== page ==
Thursday, September 1, 2016

Trump is Way to the Right of Romney's Self Deport

Listen, his only hope his misdirection. If you create all this ambiguity then hopefully a decent subset of moderate GOPers who want an excuse to vote for the party go with Trump.

Again today he's talking about 'a softening.' Any pundit who takes that as a sign for anything doesn't deserve the title journalist.

"Where's the softening?" radio host Laura Ingraham asked Trump in his first interview aired Thursday after delivering his immigration speech the previous night, commenting that she had found it to be a "very specific, very pro-enforcement" proposal.

Trump responded, "Oh, there’s softening. Look, we do it in a very humane way, and we’re going to see with the people that are in the country. Obviously I want to get the gang members out, the drug peddlers out, I want to get the drug dealers out. We’ve got a lot of people in this country that you can’t have, and those people we’ll get out."

"And then we’re going to make a decision at a later date once everything is stabilized," Trump continued. "I think you’re going to see there’s really quite a bit of softening."

Read more:

See when he says this, some read that as he's only going to deport criminals and figure out the others later. Nope.

Return home and apply for re-entry like everybody else. Where is the ambiguity here? If you let Trump muddy the waters it's on you. He's very clear.

As Greg Sargent says, in truth Trump remains to the Right of Romney. Way to the Right:

"Trump has now confirmed not just that the 11 million are all targets for deportation, but also that deportation efforts will beincreased from the status quo. Trump flatly stated that “anyone who has entered the United States illegally is subject to deportation.” Because Trump stopped using the words “deportation force,” some journalists areclaiming he’s “shelving” mass deportations. But to focus on that is to succumb to misdirection. Trump did say he would remove criminals first. But he also said that we will be in a position to consider the “appropriate disposition of those individuals who remain” only after his “beautiful southern border wall” is built, all the criminals are removed, and illegal immigration is ended “for good.”

"Even though none of those conditions is ever likely to be met, some are bizarrely treating this as if it holds out the promise of relief or legal status later. But it cannot mean this, because Trump himself flatly ruled out any meaningful path to legal status, and he also said he would rescind Obama’s efforts at executive deportation relief, including for the DREAMers which he repeatedly called “amnesty.” There is no logical way to square those priorities with the potential for genuine assimilation later."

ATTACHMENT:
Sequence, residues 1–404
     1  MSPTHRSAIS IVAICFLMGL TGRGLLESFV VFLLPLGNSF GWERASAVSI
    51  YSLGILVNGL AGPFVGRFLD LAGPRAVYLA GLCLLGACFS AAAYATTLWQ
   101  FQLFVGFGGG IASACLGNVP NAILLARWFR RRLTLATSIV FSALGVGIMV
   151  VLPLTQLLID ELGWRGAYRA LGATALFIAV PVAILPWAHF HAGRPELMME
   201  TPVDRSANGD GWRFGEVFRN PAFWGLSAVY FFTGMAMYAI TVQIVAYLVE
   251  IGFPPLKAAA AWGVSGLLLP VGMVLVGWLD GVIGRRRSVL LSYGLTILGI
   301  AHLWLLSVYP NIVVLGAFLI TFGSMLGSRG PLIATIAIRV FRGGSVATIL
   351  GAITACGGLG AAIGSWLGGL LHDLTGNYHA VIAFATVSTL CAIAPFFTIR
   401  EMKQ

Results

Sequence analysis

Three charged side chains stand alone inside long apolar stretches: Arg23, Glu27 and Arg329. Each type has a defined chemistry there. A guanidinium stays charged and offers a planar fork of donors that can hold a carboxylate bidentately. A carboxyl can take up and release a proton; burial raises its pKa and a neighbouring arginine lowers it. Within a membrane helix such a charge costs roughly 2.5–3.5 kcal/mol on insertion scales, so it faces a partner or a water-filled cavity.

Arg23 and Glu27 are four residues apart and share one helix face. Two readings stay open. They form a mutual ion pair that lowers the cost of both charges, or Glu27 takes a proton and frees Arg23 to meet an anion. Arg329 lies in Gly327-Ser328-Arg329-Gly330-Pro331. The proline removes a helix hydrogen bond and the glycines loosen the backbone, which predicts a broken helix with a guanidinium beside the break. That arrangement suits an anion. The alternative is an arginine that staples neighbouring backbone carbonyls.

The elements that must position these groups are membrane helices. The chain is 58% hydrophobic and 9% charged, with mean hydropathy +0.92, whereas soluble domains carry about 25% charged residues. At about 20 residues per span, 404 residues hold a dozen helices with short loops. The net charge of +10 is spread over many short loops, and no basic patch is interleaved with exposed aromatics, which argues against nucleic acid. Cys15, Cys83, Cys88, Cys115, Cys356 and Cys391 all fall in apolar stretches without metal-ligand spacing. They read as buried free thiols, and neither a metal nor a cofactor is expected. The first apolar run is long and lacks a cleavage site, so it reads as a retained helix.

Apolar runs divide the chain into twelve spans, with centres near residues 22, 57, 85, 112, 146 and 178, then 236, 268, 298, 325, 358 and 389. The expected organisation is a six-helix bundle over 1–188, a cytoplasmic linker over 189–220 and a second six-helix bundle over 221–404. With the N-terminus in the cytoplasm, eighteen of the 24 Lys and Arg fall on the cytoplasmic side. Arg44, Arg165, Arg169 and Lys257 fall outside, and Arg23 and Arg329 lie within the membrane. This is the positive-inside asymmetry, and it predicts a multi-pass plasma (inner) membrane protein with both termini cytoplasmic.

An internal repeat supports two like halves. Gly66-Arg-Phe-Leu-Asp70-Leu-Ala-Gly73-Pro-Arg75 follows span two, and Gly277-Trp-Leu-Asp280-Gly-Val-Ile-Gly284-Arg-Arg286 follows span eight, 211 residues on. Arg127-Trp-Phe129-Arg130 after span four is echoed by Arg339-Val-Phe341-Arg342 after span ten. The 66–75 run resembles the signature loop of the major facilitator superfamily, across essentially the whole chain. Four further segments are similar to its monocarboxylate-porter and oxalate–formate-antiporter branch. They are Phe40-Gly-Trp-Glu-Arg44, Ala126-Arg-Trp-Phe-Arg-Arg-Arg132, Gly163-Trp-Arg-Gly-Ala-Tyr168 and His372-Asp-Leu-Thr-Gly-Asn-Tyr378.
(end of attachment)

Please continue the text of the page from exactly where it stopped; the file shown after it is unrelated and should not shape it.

"What’s more, as Benjy Sarlin notes, Trump also outlined proposals that add up to a “far more sweeping enforcement regime” than the status quo, and a “major expansion of enforcement in general.” This includes proposals to triple the number of ICE agents, to immediately initiate deportation proceedings for any undocumented immigrant arrested for anything, and to redouble the focus on people who overstay visas. An analysis by Jose DelReal concluded that as many as six million would be targeted for short term deportation under Trump’s regime. As Sarlin rightly puts it, Trump actually recommitted to mass deportations last night, albeit in a somewhat more limited way than his earlier hallucinations about removing all the 11 million with a clap of those strong, manly hands."

"Dem strategist Simon Rosenberg argues that Trump also said he’d do more to enlist local law enforcement in deportation efforts. “Trump stopped using the words ‘deportation force,’ then proposed something far more Orwellian and expansive,” Rosenberg says.

"Given all of this, Trump’s short term focus on criminals and supposed shift away from mass deportations nothing more than a rhetorical ruse. It’s reporter chum. It’s designed to soften the goal of mass removal, by creating the impression that maybe possibly something can be worked out for those he calls “the good ones” later. But that option is simply not present Trump’s vision, no matter how hard people squint for it. Indeed, all of this taken together puts Trump to the right of Mitt Romney’s “self-deportation” stance. Trump would expand deportation efforts, and more generally, he was far more overtly xenophobic about keeping the dark hordes out, and far more lurid and ugly in his broad-brush tarring of illegal immigrants as criminals and invaders, than Romney was."

As for those who are confused: that's the whole point. The point is to create enough ambiguity that some-enough- will believe what they want to believe.

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